approach of the low will favor increasingly heavy rainfall
chances...and will try to show at least somewhat better certainty in
rainfall then. Even so...Sun/Wed will also likely feature periods of
showers/tstms in the moist/unstable environment...but the coverage
may be less on these days. Winds will likely not be too much of a
factor regardless of whether the system acquires tropical
characteristics as the STRONGEST of the guidance keeps min SLP well
above 1000mb with a weak PG otherwise. So heavy rainfall...as well
as strong rip currents...will be the primary hazards in the
timeframe surrounding Memorial Day.

It is important to note that all of this is dependent on a system
that has yet to develop so changes can and will likely occur. Once
the system begins to organize the finer details will become more
clear.

Temps will be warm but likely below climo due to clouds and
rainfall...but breaks would allow for short duration heating and
will show highs just below guidance...with lows struggling to fall
much below 70 each night.

&&

.AVIATION /08Z THURSDAY THROUGH MONDAY/...
As of 06Z...High confidence in VFR through the valid TAF cycle
as high pressure remains in place. Nearly clear skies tonight
will continue through Today, with few mid to high clouds through
the morning hours. Southerly winds 4-7 kts. After daybreak, VFR
continues with southwesterly winds early becoming southerly in the
afternoon, increasing to around 10 gusts to 17 kts.

Extended Outlook...MVFR possible in scattered to numerous showers,
isolated TSTMS this weekend. Otherwise expect VFR.

&&

.MARINE...
NEAR TERM /THROUGH TONIGHT/...
As of 3 AM Thursday...Cooperative marine conditions today and
tonight as a high pressure cell off Cape Fear becomes absorbed by
a broader Bermuda anti-cyclonic circulation. This will result in
SW winds 10 kt becoming S 15 kt this afternoon, with a few higher
inshore gusts during the heart of the sea breeze middle to late
afternoon. Seas will be a composite of SE waves 2 FT every 8
seconds and a light to moderate S-SW chop. No TSTMS or VSBY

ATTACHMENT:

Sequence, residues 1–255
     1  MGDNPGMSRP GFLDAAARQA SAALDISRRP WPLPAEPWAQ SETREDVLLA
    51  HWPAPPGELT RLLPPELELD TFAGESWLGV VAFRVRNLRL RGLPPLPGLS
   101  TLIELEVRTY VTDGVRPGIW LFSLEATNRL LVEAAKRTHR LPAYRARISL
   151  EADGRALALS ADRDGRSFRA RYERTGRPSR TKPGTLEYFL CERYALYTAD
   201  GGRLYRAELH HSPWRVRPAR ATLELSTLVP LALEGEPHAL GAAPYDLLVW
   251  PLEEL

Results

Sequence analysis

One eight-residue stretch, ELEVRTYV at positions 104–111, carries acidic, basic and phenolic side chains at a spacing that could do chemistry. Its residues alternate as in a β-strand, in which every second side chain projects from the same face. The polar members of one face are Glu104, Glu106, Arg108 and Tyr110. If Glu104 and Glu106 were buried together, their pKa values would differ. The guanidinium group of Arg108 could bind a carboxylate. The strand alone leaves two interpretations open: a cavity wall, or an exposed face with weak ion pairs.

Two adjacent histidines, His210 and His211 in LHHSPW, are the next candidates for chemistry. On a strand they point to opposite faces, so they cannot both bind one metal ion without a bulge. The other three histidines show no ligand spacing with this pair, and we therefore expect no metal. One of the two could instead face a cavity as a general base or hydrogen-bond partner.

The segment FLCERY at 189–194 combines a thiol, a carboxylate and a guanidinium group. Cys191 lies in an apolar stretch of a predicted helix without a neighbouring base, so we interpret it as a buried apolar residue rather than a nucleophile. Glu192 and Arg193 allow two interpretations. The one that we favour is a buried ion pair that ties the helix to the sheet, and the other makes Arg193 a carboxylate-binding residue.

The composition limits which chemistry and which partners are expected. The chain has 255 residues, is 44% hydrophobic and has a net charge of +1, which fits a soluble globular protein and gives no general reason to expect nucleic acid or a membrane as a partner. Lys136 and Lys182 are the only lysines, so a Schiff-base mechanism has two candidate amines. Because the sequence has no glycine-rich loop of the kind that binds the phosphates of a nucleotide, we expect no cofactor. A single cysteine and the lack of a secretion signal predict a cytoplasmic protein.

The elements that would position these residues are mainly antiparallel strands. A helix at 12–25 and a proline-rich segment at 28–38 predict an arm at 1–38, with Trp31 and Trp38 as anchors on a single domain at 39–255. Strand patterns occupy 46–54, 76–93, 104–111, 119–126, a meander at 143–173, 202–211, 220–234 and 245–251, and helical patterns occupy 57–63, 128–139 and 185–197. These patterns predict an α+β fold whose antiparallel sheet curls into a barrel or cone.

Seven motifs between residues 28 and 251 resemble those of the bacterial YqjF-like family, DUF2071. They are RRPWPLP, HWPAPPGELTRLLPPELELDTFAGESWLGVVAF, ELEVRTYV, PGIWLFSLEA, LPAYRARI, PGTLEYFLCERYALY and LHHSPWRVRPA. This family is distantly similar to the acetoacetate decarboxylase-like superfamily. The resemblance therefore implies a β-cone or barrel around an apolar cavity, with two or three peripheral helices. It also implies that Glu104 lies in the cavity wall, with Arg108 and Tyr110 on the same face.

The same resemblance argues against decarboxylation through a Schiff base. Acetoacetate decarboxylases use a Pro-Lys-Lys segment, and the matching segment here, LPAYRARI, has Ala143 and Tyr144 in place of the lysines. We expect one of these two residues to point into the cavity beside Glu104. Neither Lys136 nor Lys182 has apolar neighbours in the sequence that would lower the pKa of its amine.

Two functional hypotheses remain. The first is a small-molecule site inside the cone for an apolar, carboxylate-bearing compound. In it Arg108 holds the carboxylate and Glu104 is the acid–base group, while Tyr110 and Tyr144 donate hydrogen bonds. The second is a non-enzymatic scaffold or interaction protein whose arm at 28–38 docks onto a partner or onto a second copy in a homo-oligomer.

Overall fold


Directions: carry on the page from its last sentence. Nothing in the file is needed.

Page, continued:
restrictions expected today through tonight.

SHORT TERM /FRIDAY THROUGH SATURDAY NIGHT/...
As of 3 AM Thursday...Marine conditions will become more
challenging into the weekend as seas build due to growing wave
energy from the ESE in dominant periods of 8-9 seconds. An
advisory is not out of the question by Saturday as wave heights
approach 6 feet. Showers and isolated TSTMS can be expected
beginning Friday night and mariners should get a check on
conditions before heading out this holiday weekend, including a
look at radar trends. E winds 10 kt Friday will ramp up to NE 15
kt gusts to 20 kt Friday night into Saturday. The National
Hurricane Center is monitoring low pressure from the Bahamas for
potential development into the weekend, please stay tuned.

LONG TERM /SUNDAY THROUGH MONDAY/...
As of 300 AM Thursday...Marine conditions will be significantly
dependent on a low pressure system progged to move out of the
Bahamas and towards the coast this weekend. Guidance still differs
on the exact timing...placement...and strength of this
feature...but it is most likely a weak low pressure will move
across the coastal waters Sunday and Monday. Although the low
pressure will be weak...prolonged easterly fetch will build a long
period swell to 4- 7ft at 8 sec...creating seas of 3-5 ft...with 6
fters possible. Most of the contribution to the sea spectrum will
be from this swell...as winds are forecast to remain rather
light...from the E/SE at 10-15 kts...barring any unforeseen
strengthening of the low pressure.

&&

.ILM WATCHES/WARNINGS/ADVISORIES...
SC...None.
NC...None.
MARINE...None.

&&

$$
SYNOPSIS...JDW
NEAR TERM...MJC
SHORT TERM...MJC
LONG TERM...JDW
AVIATION...MJC
MARINE...MJC/JDW